venerdì 11 gennaio 2013


Proposta di linee guida attraverso l'analisi della letteratura ed una consensus conference per prevenire danni iatrogeni al paziente attraverso l'uso dell'ecografia per monitorizzare l'eventuali ritenzioni urinarie ed utilizzare il cateterismo solo quando serve

 2012 Aug 30. doi: 10.1111/j.1365-2702.2012.04229.x. [Epub ahead of print]

Guidelines for preventing urinary retention and bladder damage during hospital care.


Authors: Rose-Marie Johansson, RN, PhD Student, School of Health Sciences, Jönköping University, Jönköping; Bo-Eric Malmvall, MD, Professor, Division of Infectious Diseases, Department of Clinical and Experimental Medicine, Linköping University, Linköping and Futurum - The Academy of Healthcare, County Council, Jönköping; Boel Andersson-Gäre, MD, Professor, Futurum - The Academy of Healthcare, County Council and Jönköping Academy for Improvement of Health and Welfare, School of Health Sciences, Jönköping University; Bruno Larsson, MD, Urologist, Unit of Urology, County Hospital Ryhov, Jönköping; Ingrid Erlandsson, RN, Developement Officer, Unit of Urology, County Council Ryhov, Jönköping; Märta Sund-Levander, RN, RNT, PhD, Assistant Professor, Unit of Research and Development, Hoegland Hospital, Eksjö; Gunhild Rensfelt, RN, Infection Control Nurse, Infection Control, County Hospital Ryhov, Jönköping, Sigvard Mölstad, MD, Professor, Unit of R&D in Primary Care, Futurum, Jönköping, Lennart Christensson, RN, Associate Professor, School of Health Sciences, Jönköping University Jönköping, Sweden.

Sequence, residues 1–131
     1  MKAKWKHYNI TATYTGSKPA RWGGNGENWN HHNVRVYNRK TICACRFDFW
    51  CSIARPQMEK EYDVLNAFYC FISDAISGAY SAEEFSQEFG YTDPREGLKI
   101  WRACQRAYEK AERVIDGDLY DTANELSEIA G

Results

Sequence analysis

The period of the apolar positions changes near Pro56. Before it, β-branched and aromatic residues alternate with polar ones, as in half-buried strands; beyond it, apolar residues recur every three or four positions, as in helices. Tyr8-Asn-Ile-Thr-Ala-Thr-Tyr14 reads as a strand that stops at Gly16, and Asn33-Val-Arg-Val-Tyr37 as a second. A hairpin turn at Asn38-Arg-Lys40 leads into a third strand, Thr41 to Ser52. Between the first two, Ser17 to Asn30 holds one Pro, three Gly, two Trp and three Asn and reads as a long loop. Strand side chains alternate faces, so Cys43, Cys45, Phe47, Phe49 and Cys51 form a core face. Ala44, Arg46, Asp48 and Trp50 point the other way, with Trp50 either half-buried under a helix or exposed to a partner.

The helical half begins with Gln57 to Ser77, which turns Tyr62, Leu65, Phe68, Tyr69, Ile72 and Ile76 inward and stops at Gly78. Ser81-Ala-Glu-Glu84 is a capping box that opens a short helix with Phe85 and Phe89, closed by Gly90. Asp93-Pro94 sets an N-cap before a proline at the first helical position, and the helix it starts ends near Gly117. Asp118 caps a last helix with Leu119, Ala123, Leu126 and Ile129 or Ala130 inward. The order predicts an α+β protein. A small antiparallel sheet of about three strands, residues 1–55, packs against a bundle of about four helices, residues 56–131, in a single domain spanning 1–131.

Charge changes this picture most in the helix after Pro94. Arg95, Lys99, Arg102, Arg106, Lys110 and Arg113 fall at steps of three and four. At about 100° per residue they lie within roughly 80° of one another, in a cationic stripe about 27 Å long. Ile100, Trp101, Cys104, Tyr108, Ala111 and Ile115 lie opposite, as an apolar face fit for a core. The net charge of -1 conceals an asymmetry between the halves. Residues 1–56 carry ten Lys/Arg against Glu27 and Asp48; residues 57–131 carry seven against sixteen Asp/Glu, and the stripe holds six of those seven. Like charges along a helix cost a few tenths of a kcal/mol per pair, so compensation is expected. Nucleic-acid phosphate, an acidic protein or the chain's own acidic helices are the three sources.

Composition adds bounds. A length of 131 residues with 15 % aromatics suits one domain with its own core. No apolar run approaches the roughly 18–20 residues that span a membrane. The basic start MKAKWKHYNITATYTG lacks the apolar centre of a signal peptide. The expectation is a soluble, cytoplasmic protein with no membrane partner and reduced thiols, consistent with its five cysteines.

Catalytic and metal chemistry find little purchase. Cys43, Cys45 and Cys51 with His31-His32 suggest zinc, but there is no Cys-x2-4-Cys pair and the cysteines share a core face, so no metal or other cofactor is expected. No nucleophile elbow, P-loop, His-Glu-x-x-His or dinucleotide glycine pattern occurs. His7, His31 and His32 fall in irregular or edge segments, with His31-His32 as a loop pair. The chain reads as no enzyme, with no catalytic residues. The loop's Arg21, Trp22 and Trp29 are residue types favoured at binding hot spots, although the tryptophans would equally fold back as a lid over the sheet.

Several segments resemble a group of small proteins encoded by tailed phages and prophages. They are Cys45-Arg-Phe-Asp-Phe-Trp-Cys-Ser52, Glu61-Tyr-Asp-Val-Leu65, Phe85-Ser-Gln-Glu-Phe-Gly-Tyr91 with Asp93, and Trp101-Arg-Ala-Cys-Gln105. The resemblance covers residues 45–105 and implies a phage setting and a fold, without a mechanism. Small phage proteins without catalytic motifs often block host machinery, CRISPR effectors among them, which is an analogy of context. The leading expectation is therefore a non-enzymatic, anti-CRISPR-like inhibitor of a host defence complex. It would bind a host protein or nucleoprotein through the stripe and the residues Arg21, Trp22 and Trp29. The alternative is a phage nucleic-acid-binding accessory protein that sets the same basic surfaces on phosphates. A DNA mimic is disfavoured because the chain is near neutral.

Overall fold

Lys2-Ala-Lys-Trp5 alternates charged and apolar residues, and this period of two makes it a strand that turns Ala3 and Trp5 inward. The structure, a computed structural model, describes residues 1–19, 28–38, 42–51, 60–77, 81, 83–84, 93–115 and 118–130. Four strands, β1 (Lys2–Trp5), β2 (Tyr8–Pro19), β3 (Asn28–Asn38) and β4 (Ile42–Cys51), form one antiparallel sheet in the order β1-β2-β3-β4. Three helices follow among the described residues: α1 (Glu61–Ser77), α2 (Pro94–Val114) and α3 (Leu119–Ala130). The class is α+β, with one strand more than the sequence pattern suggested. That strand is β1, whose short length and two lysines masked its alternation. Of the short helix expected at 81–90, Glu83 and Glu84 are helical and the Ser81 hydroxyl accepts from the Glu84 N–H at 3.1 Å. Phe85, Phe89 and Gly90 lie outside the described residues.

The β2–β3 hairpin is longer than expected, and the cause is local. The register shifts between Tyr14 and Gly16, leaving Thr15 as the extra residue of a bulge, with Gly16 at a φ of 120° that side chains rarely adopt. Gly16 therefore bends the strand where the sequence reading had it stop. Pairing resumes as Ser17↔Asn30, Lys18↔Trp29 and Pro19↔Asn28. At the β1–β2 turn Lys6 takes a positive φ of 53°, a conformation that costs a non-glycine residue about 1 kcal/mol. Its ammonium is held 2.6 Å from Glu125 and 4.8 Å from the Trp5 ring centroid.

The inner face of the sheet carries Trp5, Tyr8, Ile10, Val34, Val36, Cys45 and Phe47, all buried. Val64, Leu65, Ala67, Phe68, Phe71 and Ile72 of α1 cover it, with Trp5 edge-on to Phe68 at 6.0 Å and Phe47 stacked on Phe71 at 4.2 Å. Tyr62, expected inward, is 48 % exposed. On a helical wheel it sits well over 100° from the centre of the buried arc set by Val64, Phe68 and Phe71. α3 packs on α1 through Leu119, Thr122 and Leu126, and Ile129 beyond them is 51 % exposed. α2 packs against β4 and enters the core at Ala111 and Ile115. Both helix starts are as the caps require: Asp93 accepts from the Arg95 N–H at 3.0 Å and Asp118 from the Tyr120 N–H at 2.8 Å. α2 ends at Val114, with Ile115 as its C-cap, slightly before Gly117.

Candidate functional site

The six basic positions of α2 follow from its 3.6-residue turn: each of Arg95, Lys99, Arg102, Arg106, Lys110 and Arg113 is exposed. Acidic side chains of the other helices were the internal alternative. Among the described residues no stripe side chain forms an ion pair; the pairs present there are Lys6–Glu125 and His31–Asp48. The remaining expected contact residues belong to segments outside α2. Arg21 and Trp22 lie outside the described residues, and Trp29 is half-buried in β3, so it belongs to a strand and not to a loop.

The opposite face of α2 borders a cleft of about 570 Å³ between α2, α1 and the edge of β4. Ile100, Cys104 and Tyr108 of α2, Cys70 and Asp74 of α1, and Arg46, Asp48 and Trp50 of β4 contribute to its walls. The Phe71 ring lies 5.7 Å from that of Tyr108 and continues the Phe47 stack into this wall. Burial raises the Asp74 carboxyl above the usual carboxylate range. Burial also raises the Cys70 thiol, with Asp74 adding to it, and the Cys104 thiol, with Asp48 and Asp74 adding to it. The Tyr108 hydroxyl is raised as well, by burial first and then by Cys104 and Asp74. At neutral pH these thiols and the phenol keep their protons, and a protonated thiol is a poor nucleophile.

Aims and objectives.  To develop evidence-based guidelines for adult patients in order to prevent urinary retention and to minimise bladder damage and urinary tract infection. Background.  Urinary retention causing bladder damage is a well known complication in patients during hospital care. The most common treatment for urinary retention is an indwelling urinary catheter, which causes 80% of hospital-acquired urinary tract infections. Appropriate use of bladder ultrasonography can reduce the rate of bladder damage as well as the need to use an indwelling urinary catheter. It can also lead to a decrease in the rate of urinary tract infections, a lower risk of spread of multiresistant Gram-negative bacteria, and lower hospital costs. Design.  An expert group was established, and a literature review was performed. Methods.  On the basis of literature findings and consensus in the expert group, guidelines for clinical situations were constructed. Results.  The main points of the guidelines are the following: identification of risk factors for urinary retention, managing patients at risk of urinary retention, strategies for patients with urinary retention and patient documentation and information. Conclusion.  Using literature review and consensus technique based on a multiprofessional group of experts, evidence-based guidelines have been developed. Although consensus was reached, there are parts of the guidelines where the knowledge is weak. Relevance to clinical practice.  These guidelines are designed to be easy to use in clinical work and could be an important step towards minimising bladder damage and hospital-acquired urinary tract infections and their serious consequences, such as bacteraemia and the spread of multidrug-resistant bacteria in hospitals.
© 2012 Blackwell Publishing Ltd.